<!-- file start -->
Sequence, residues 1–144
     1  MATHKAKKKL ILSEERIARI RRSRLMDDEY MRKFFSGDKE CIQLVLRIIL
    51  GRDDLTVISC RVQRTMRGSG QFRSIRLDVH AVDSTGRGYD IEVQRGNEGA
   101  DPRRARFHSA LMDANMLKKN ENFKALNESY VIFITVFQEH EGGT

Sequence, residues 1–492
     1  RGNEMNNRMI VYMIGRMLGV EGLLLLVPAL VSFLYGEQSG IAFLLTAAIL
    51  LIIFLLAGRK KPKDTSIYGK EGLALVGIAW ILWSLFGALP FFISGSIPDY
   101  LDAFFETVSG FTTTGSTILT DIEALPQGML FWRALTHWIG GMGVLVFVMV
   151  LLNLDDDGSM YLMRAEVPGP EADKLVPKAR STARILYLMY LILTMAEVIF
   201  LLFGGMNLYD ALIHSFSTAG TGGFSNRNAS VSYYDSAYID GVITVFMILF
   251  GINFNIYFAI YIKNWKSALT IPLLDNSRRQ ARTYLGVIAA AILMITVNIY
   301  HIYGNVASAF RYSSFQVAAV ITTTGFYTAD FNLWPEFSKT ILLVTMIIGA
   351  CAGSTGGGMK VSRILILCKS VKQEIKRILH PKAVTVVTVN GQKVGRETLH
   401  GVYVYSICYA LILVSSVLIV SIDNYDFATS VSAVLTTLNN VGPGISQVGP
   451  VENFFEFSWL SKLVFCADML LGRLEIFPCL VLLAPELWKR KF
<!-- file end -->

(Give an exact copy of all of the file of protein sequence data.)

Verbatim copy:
Sequence, residues 1–144
     1  MATHKAKKKL ILSEERIARI RRSRLMDDEY MRKFFSGDKE CIQLVLRIIL
    51  GRDDLTVISC RVQRTMRGSG QFRSIRLDVH AVDSTGRGYD IEVQRGNEGA
   101  DPRRARFHSA LMDANMLKKN ENFKALNESY VIFITVFQEH EGGT

Sequence, residues 1–492
     1  RGNEMNNRMI VYMIGRMLGV EGLLLLVPAL VSFLYGEQSG IAFLLTAAIL
    51  LIIFLLAGRK KPKDTSIYGK EGLALVGIAW ILWSLFGALP FFISGSIPDY
   101  LDAFFETVSG FTTTGSTILT DIEALPQGML FWRALTHWIG GMGVLVFVMV
   151  LLNLDDDGSM YLMRAEVPGP EADKLVPKAR STARILYLMY LILTMAEVIF
   201  LLFGGMNLYD ALIHSFSTAG TGGFSNRNAS VSYYDSAYID GVITVFMILF
   251  GINFNIYFAI YIKNWKSALT IPLLDNSRRQ ARTYLGVIAA AILMITVNIY
   301  HIYGNVASAF RYSSFQVAAV ITTTGFYTAD FNLWPEFSKT ILLVTMIIGA
   351  CAGSTGGGMK VSRILILCKS VKQEIKRILH PKAVTVVTVN GQKVGRETLH
   401  GVYVYSICYA LILVSSVLIV SIDNYDFATS VSAVLTTLNN VGPGISQVGP
   451  VENFFEFSWL SKLVFCADML LGRLEIFPCL VLLAPELWKR KF